Coming back to the IGN piece, we don’t have direct comparisons with PVDs. When we first started looking at DNA targeting agents, we also have looked at cross-linking agent, which will be a similar class of drugs to be pyrrolobenzodiazepine. We also started with the benzodiazepine backbone. We saw some late onset toxicity using the – which sort of manifested in mice the weight loss and felt that the therapeutic window that we were seeing was less than we wanted to using a cross-linking approach, which is how we came to the alkylating approach. And with the alkylating approach, we will certainly able to get much wider therapeutic index pre-clinically than we saw with the cross-linking agents. So our cross-linking agent, clearly we have thought of – at least as a comparative for PVDs, but it would be inaccurate to say that we have direct comparison to PVD. But it becomes a different class of agent. We are using something different. Clearly, the PVDs are active. The CD33 targeting agent with PVD is an active agent. It also seems to have some marrow toxicity, which is important and obviously we think that maybe the opportunity for differentiation may come in the wide therapeutic window enabling us to have better marrow recovery. But it’s early to say given that we haven’t yet those patients. So as we learn more, we will find out whether those assumptions hold. Certainly pre-clinically, we found alkylation versus cross-linking that alkylating looked better for us.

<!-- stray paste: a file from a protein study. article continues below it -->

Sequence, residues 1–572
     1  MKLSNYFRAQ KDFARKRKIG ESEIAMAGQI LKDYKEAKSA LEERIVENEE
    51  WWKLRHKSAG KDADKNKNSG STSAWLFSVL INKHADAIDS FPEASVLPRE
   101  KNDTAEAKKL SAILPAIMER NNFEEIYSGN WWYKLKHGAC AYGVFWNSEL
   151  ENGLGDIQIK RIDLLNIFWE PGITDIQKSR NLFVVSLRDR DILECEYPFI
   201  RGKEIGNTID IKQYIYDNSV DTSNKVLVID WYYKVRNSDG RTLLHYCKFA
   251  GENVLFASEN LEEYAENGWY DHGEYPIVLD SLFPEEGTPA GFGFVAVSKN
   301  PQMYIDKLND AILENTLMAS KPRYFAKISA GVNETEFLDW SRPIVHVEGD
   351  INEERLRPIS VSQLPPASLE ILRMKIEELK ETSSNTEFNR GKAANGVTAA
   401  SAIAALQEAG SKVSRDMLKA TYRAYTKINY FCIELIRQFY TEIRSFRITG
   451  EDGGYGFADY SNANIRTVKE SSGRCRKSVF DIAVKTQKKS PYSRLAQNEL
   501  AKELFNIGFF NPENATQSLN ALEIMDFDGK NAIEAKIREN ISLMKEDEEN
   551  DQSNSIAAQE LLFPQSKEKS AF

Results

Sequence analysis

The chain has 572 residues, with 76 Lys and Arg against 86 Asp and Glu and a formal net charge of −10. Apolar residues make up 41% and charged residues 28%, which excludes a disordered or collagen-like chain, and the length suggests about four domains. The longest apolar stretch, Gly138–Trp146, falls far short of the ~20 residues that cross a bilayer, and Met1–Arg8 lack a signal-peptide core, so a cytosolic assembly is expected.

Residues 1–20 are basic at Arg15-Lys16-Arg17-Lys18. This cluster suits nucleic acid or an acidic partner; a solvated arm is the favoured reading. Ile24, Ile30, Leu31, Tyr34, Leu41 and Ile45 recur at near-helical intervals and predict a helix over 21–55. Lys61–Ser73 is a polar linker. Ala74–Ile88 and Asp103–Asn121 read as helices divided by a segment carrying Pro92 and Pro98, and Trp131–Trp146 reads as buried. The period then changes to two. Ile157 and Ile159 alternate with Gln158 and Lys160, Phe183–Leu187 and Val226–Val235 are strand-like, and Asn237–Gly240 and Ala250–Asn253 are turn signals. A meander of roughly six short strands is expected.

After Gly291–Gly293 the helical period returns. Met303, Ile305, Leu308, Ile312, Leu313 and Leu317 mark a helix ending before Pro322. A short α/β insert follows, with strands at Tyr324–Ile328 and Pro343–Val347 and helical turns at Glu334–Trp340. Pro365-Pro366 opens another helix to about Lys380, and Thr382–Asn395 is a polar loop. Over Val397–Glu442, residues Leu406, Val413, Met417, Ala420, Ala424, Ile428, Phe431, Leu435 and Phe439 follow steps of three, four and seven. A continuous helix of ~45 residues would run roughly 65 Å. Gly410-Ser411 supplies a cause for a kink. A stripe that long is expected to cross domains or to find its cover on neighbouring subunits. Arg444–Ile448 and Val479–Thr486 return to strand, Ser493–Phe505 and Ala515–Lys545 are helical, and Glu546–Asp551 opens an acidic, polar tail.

We will go to Biren Amin with Jefferies.
Yes, thanks for taking my questions. Maybe on the rituximab and the 20-patient biopsy data, I may have missed this. But are we expecting data at ASCO? And should we expect on that data split of a far expression and patient population as far as prior therapies to be similar to the 40 patient cohort? And also will those data support your FDA discussion? And I guess lastly on that biopsy data, how might it impact the use of archival tissue in the FORWARD I studies?